D.C. Politics Holds Back Water Recycling
California water agencies have projects on the books capable of producing 1.1 million acre-feet of drinking water by recycling wastewater. Yet the projects aren’t getting built because of a lack of funds, particularly federal assistance.
The federal government isn’t supporting these projects because of a ban on funding earmark projects in Congress, the San Francisco Chronicle reports. The earmark ban was imposed several years ago when Republicans took control of the House. It’s a partisan strategy intended to prevent funding “pet” projects or favors for influential constituents.
“You can’t just say here’s a project, fund it,” said Matt Sparks, spokesman for House Majority Leader Kevin McCarthy, R-Bakersfield. “That’s an earmark, and that is exactly what we got rid of when we took the majority.”
This has had a number of repercussions, including setbacks for important infrastructure, like a vital levee-strengthening project in Sacramento that has been delayed for years. And water-recycling projects that could ease California’s drought.
Water recycling is cheaper and easier than seawater desalination and it requires less energy. The water-recycling projects now awaiting funds could produce twice the water supply estimated to come from four new reservoir projects, which have an estimated cost of $9 billion. Many of these recycling projects are “shovel ready.”
“It’s the least expensive of the next water supplies that California cities could develop,” said David Sedlak, a UC Berkeley environmental engineer and co-director of the Berkeley Water Center.
Two New Drought Bills Await Governor’s Signature
The California Legislature has approved two new bills designed to ease water shortages that are now awaiting a signature from Gov. Jerry Brown.
Senate Bill 555, by Sen. Lois Wolk, D-Davis, would require urban water suppliers to conduct annual inspections to detect leaks and breaks in their water distribution systems, and submit the results to the Department of Water Resources for public review.
“It’s estimated that 40 percent of the 870,000 acre-feet of urban water lost to leaks could be cost-effectively recovered by detecting and repairing leaks,” Wolk said in a statement. “That’s 350,000 acre-feet in water savings.”
The bill also requires the State Water Resources Control Board to develop performance standards to minimize water loss in the water agencies’ distribution systems.
Assembly Bill 606, by Assemblyman Marc Levine, D-San Francisco, would require state properties to modernize irrigation systems and implement drought tolerant landscaping, with an emphasis on native plants.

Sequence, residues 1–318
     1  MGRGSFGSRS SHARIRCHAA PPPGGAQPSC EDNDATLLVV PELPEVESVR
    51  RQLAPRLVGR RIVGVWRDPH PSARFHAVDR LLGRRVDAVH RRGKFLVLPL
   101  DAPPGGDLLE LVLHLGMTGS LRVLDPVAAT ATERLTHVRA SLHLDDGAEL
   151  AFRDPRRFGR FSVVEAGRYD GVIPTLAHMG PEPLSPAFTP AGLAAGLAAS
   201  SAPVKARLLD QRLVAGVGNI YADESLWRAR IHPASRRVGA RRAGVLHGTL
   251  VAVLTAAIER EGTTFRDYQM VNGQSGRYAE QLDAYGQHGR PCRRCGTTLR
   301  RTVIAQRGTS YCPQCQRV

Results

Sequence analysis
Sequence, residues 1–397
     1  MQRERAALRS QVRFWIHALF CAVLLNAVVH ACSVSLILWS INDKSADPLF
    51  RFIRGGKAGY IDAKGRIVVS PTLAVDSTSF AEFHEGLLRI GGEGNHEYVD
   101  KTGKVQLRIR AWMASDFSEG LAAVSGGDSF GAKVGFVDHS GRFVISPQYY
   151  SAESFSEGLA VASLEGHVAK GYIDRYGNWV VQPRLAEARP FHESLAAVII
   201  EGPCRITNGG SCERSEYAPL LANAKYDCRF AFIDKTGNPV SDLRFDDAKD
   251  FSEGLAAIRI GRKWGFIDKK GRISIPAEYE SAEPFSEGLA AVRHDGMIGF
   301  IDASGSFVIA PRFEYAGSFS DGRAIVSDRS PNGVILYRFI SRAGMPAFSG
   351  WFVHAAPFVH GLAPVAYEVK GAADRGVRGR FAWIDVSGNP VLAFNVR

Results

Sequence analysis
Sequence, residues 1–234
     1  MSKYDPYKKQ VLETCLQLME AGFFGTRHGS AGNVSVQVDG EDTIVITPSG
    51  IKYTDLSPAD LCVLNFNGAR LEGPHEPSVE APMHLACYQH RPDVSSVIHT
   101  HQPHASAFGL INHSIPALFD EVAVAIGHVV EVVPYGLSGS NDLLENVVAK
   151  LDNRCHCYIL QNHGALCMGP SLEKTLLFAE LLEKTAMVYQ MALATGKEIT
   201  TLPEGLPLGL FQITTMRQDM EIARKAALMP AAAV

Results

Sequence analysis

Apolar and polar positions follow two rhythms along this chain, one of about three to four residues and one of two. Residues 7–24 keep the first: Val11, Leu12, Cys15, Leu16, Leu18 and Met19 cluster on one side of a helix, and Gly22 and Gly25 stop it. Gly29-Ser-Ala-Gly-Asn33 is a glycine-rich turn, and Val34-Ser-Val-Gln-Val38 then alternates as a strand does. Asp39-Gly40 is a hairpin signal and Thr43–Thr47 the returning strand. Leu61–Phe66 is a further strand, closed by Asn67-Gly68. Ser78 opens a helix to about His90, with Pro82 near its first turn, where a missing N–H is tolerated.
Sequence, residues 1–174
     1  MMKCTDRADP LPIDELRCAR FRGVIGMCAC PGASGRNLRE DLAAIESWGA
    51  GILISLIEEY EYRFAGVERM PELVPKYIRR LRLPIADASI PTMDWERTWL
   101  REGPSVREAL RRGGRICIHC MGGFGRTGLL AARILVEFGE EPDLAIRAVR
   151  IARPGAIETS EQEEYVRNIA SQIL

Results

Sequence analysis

The bill requires state properties, during renovations or new construction, to install drip irrigation, recycled water and rainwater catchment systems when “feasible.” This means they must be cost-effective and able to be installed in a timely manner.
And in other legislative news, Gov. Brown has signed law-making amendments to the Sustainable Groundwater Management Act, the law adopted in 2014 that regulates California groundwater for the first time. It’s a breakthrough law for a state that has never regulated groundwater before, although it has been criticized for long compliance horizons: Sustainable groundwater management is not required for 25 years.
The amendments were authored by Sen. Fran Pavley, D-Agoura Hills, and are found in Senate Bill 13. The changes mostly refine who is required to submit groundwater management plans. But one provision adds additional compliance time for certain categories of groundwater users. Groundwater basins categorized as “medium” and “high” priority will now have until Jan. 31, 2022, to begin operating according to a sustainable management plan — two additional years.
Heat Wave to Sweep California
Temperatures will swing well into the triple digits this week across much of interior California as a heat wave bakes the drought-stricken state.
Temperatures by Friday are expected to reach 107 degrees in Sacramento and Redding. A heat advisory is in effect through Wednesday for the Bay Area. San Francisco will see temperatures break into the 90s, while the East Bay will exceed 100 degrees.
The heat will increase the potential for new wildfires. Adding to this concern is the potential for thunderstorms and lightning this weekend — just after the heat has baked vegetation to a crisp.
The forecast for above-normal temperatures extends into central Oregon, which is also experiencing severe drought. In fact, long-range forecasts indicate all of the Pacific states can expect above-normal temperatures through November.
Top photo: In this May 6, 2015 file photo, a pipe feeds recycled wastewater to a holding pond to recharge an underground aquifer at the Orange County Water District recharge facility in Anaheim, Calif. The water district, which serves 2.4 million people near Los Angeles, operates one of the nation’s largest wastewater recycling systems. (Chris Carlson, Associated Press)